It’s the noise outside, for people waiting on the platform, that I’m referring to. Are the newer cars heavier than the older ones? They make much more noise going around curves, and the ventilation systems are also very noisy.

Craig Kasper January 5, 2010 - 7:26 am

Thank you for picking up on the NY Post noise article. Unfortunately, the Post reporter did not correctly print my current affiliation. Although I did work at Columbia Presbyterian Medical Center (almost 12 years ago) I am currently the Chief Audiology Officer of Audio Help Associates of Manhattan, a private audiology group. I would greatly appreciate it if you would correct this in your piece. Thank you in advance!

Harlan January 5, 2010 - 7:30 am

Get a good pair of in-ear monitors, like whatever you can afford from the Shure brand. They’re basically a pair of earphones built inside a pair of earplugs. They drop ambiant noise by 10 or 20 dB, especially at the most painful high frequencies (squeaky subway wheels!), and they sound great. You can listen to music at a much lower loudness that you could with cheap iPod buds.

Benjamin Kabak January 5, 2010 - 10:03 am

The earbuds I use are the opposite of cheap, but I rarely listen to the iPod on the subway. People turn up the volume very high to drown out the sounds of the subway and end of damaging their ears. People probably shouldn’t be listening to headphones on the subway in the first place.

Blue January 7, 2010 - 5:42 pm

I agree with Harlan, in ear noise canceling or noise isolating headphones would help avoid the hearing damage from the platform and track noises. The Shures in particular come with foam earplugs that expand to fill the ear canal, keeping music in and screeching train brake noise out. Maybe everyone should invest in a pair of noise isolating headphones for their iPod, then we won’t have to worry about ambient noise pollution. Its the cheap, in box iPod headphones that leak the most noise and sound awful.

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SEAN January 5, 2010 - 12:47 pm

WHAT DID YOU SAY! EXCUSE ME! Oh never mind it was just another train passing through 42nd Street Briant Park. LOL

Mike HC January 5, 2010 - 1:00 pm

Really enjoyed this one. I am big into the ipod whenever I go anywhere in the city, but am always mindful that I don’t want to damage my hearing. Only time will tell if I am successful.

My father always listened to his music extremely loud throughout his life, and now has a low level buzzing, and damaged hearing. I have to watch out.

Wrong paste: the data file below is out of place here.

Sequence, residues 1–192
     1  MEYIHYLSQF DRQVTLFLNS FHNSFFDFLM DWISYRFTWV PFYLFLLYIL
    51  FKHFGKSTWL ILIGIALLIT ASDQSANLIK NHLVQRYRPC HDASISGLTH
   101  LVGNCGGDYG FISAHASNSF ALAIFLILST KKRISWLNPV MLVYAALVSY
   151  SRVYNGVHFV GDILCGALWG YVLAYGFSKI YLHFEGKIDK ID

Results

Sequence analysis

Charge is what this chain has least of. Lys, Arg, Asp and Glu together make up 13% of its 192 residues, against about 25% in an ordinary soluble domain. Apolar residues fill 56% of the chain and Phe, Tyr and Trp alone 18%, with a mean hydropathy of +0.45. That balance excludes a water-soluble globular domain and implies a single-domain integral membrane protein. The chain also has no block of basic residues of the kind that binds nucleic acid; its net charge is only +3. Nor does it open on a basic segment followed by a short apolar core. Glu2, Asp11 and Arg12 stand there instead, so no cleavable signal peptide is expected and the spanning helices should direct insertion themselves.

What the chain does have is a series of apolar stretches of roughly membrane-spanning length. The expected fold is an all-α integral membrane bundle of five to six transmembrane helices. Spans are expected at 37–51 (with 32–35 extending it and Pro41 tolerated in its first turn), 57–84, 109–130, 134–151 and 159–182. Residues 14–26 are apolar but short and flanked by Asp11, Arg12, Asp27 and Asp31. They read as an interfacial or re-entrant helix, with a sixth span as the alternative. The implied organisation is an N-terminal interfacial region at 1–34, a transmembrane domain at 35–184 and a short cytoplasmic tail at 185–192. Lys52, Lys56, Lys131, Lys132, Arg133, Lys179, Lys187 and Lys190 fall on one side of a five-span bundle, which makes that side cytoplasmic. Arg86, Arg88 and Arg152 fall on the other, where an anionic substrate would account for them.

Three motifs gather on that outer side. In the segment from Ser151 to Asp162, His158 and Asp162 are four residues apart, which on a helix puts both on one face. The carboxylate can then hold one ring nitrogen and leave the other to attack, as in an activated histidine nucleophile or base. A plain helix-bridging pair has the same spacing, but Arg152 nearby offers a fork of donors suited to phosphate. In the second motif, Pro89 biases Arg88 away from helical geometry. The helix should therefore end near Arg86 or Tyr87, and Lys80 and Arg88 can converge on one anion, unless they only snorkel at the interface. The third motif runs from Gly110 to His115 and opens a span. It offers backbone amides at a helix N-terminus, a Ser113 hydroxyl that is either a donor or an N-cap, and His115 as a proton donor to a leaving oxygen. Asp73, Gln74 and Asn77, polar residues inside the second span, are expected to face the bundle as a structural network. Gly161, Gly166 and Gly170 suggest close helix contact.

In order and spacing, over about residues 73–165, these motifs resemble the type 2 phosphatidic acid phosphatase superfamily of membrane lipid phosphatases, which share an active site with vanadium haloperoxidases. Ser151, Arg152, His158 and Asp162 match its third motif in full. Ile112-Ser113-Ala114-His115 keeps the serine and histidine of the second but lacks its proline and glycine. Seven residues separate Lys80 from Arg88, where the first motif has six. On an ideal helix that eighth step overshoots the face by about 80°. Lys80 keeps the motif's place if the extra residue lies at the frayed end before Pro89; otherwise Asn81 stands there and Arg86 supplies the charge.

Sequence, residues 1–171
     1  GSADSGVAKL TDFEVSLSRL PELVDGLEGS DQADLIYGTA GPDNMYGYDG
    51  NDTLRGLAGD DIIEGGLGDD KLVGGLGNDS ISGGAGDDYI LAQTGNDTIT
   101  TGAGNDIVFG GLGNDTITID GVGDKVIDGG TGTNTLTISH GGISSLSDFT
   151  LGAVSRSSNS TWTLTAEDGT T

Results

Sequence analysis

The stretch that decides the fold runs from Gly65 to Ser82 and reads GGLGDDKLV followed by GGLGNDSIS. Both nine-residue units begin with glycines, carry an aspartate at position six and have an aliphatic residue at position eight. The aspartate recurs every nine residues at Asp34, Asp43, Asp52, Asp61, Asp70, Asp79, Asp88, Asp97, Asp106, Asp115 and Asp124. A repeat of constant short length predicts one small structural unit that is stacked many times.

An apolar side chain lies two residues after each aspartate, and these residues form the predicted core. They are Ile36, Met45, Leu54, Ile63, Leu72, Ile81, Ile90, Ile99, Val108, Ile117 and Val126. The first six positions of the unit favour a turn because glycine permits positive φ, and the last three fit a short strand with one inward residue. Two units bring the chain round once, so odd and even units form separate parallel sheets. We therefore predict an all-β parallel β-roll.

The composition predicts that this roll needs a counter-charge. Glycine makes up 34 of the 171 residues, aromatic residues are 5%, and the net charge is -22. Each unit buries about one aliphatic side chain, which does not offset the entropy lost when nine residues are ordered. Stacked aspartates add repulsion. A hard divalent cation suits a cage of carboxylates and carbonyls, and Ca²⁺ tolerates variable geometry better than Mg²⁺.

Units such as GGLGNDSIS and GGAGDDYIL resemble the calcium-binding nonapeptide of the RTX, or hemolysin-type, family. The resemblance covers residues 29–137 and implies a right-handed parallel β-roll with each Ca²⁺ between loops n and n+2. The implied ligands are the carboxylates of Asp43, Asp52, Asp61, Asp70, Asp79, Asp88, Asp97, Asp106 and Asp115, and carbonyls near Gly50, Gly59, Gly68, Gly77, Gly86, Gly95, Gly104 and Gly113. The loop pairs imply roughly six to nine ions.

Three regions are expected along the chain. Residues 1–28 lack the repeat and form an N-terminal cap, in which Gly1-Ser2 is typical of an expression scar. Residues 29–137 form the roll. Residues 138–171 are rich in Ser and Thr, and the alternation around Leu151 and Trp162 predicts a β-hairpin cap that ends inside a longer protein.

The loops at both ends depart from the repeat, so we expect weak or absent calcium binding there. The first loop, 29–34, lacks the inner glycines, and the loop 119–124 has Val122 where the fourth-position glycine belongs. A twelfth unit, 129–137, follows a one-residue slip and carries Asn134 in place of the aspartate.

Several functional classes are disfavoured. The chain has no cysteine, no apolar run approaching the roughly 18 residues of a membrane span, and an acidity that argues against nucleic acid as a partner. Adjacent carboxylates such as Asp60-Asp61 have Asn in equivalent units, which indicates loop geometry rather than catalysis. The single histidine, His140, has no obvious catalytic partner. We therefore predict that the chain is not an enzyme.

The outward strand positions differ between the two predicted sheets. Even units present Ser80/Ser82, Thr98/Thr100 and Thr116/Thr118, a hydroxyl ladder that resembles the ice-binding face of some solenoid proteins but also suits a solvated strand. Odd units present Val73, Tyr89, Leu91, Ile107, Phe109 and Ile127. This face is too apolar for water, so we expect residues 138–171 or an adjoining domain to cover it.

And the loudest places in nyc are surely some of the louder bar, lounges and clubs. It should really be illegal how loud they bump some of the speakers. It is as inhospitable of an atmosphere as can possibly be.

Jordan January 5, 2010 - 2:21 pm

YES. I haven’t read the post yet, but I have been eagerly anticipating this. Okay, I’ll go read now, haha.

Jordan January 5, 2010 - 2:26 pm

If people want to damage their ears, so be it. That’s their choice. But remember you are on public transportation. Not everyone needs to hear “Empire State of Mind” for the 4th time that day via someone else’s earbuds.

AK January 5, 2010 - 4:53 pm

But Jordan, these streets will make you feel brand new, these lights will inspire you! Who WOULDN’T want to hear that on repeat on a crowded train in rush hour!

rhywun January 5, 2010 - 11:57 pm

I don’t know if it’s because I’m getting older, or if there’s a serious lapse of quality control on the in-car speakers, but lately I’ve been physically impacted by the announcements on a regular basis. As in, the conductor shrieks “36TH STREET!!” and I’m jumping like six inches out of my seat.

Claire January 6, 2010 - 3:30 am

I’m sure there is going to be a lot more people suffering from tinnitus in the years to come. It’s not just the super dB scream that comes from the tracks when the trains come round the curve. So many people use iPods but to be able to hear any music at all they have to crank up the volume to the maximum.

rhywun January 6, 2010 - 8:51 pm

I think the R160’s have quieter “track noise” from inside, but outside you just notice the engines are a lot “whinier” than the older trains. Today I noticed for the first time that the R46’s–which I take every day–DO have remarkably quiet engines, but from the inside the track noise seems louder than the newer trains. Overall, it’s hard for me to call one as “quieter” than the other.

Kai B January 7, 2010 - 11:16 am

It’s the traction motors – all new trains have them, including the M7s on the LIRR. While producing noise, I don’t think it’s over 85 decibels.

Todd January 12, 2010 - 2:21 pm

What about the damaged caused by the alarmed Emergency Exit gates to go off incessantly at most every station? No one, not the MTA or the police, will take responsibilty for this problem. It’s illegal for people to use the gates in a non-emergency, but I don’t care about that, what I care about is the disruptive, damaging noise. Also I wonder what damage is being to to the children in the strollers whose parent use the gates.

The M.T.A. needs to do one of three things; enforce the gate rules, turn off the alarms since no one is paying attention to them (they are supposed to alert a nearby policemen so they can respond to the “emergency”), or lock the gates.

Also, in the past week I’ve come across at least three people playing music via their device’s speaker instead of using headphones.